We ended up working together for about five years. Solid person, great personality, strong work ethic and a unique eye.

Kristian lives in north-central West Virginia and, is, in my opinion, a real asset for editors and corporations who need a West Virginia Photographer with deep talent and a reliable, easy going professional demeanor.

Check out his website at:

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Cameron Davidson
Creative Consultants for Photographers

Brief overview of working with three stellar creative consultants plus two additional names of people that friends have worked with in the past year.

I’ve worked with quite a few consultants throughout my career. Often times, I felt that the advice I was given, was prepackaged and their advice regarding promotion, testing and career avenues were often the same advice suggested to other photographers. (photographers do compare notes and experiences with each other about equipment, consultants, helicopter pilots, assistants, you name it.)

With that in mind, here are three consultants that I have worked with, who I feel are honorable, trustworthy people, who absolutely have your best interests at heart.

For fine art consulting, there is only one name - Swanee. Mary Virginia Swanson is the absolute best person in this business to help guide you into the fine art world.

I first worked with Swanee in 2013. I attended her one-week fine art photo workshop in Tucson, Arizona. (Her home base)

Since then, she has consulted with me with a couple of one-on-one sessions.

Check out her bio here. Just a few tidbits: Executive Director for one-year of Look3 in Charlottesville, SwanStock a fine art stock agency that merged with ImageBank (which was absorbed into Getty) plus the best book on the business of publishing a photo book.

From her bio page: “Ms. Swanson is the author of The Business of Photography: Principles and Practices, and coauthored with Darius Himes Publish Your Photography Book (Princeton Architectural Press, 2011, updated and revised 2014).”

Swanee is the real deal. Take her class, buy the book, schedule some time with her. It is worth every penny.

Next up is an incredible Creative Director and Editorial Designer - Heidi Volpe.

Heidi was suggested to me by my friend Jeffrey Salter, a very fine editorial and portrait photographer out of Miami.

Heidi did a logo redesign for me plus my current set of promo pieces. She has a world of editorial experience. Currently she is the Creative Director of Vogue India and she is a total bicycle riding crazy. Her bike goes with her everywhere. Super talented, easy going and most important - a really nice person.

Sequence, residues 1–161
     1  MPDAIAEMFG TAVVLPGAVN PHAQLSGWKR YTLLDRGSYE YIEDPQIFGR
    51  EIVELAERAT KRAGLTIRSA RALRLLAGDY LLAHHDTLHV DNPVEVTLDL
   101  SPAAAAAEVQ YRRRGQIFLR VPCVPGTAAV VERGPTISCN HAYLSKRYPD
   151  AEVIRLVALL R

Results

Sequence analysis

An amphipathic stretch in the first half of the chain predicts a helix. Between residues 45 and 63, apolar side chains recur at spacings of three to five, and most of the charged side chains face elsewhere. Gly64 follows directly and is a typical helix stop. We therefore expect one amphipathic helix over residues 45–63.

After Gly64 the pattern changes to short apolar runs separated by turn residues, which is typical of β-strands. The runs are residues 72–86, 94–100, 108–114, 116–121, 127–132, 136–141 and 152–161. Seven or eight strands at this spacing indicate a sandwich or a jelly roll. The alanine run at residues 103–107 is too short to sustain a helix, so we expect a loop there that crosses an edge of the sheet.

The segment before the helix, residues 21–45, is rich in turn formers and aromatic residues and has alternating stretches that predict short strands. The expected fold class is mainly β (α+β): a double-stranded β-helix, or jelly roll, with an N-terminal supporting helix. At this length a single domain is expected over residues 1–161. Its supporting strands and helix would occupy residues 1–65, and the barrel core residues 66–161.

Take a look at the piece she did for Jeff Salter: Landscapes + Portraits

Heidi often writes for A Photo Editor.

Stephanie Menuez is a former NYC rep who now lives in Vermont and knows everybody.

I was given the gift of a significant amount of consulting time with Stephanie and it proved to be a wonderful intro to a highly energetic person who truly understands the business of commercial photography.

Her advice was spot on: the portfolios that she created have led to significant new work from new clients.

She and her husband also have an art consulting directory, that I purchased, and am starting to use to promote my fine art images. She knows her stuff. Check out the Art Advisors Directory and Menuez Creative Consulting.

Jeff Zaruba is a photographer I’ve known since I was a photo assistant. Besides being a world-class location shooter, he is one of the nicest people I know. His black and white work is stunning. Back when I was assisting, I used to marvel at how he could get could such incredible tones out of a 35mm Plus-X negative.

Jeff works with Bobbi Wendt and speaks highly of her. She is well known in the industry and if you take a look at Jeff’s web site portfolios, her eye for pairing images and pacing is pretty incredible.

Contact her via: 650.594.2857 or

Matthew Rakola is Washington DC based photographer who is the former Chair for APADC. Matt is a location shooter who speaks highly of Stacy Swiderski in Philadelphia. Check out Matt’s new site - Stacy put it together. It looks great.

Stacy has an excellent reputation with photographers and I like her approach to portfolios, flow and to business.

Cameron Davidson
Virginia Coast Reserve